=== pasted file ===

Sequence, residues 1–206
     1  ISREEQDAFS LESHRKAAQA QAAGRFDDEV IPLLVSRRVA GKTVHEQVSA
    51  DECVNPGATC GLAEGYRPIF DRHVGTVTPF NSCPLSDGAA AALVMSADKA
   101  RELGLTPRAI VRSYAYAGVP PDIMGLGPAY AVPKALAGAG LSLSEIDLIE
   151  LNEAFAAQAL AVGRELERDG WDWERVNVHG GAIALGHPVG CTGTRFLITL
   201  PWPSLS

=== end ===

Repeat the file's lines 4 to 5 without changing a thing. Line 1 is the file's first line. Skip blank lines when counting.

   101  RELGLTPRAI VRSYAYAGVP PDIMGLGPAY AVPKALAGAG LSLSEIDLIE
   151  LNEAFAAQAL AVGRELERDG WDWERVNVHG GAIALGHPVG CTGTRFLITL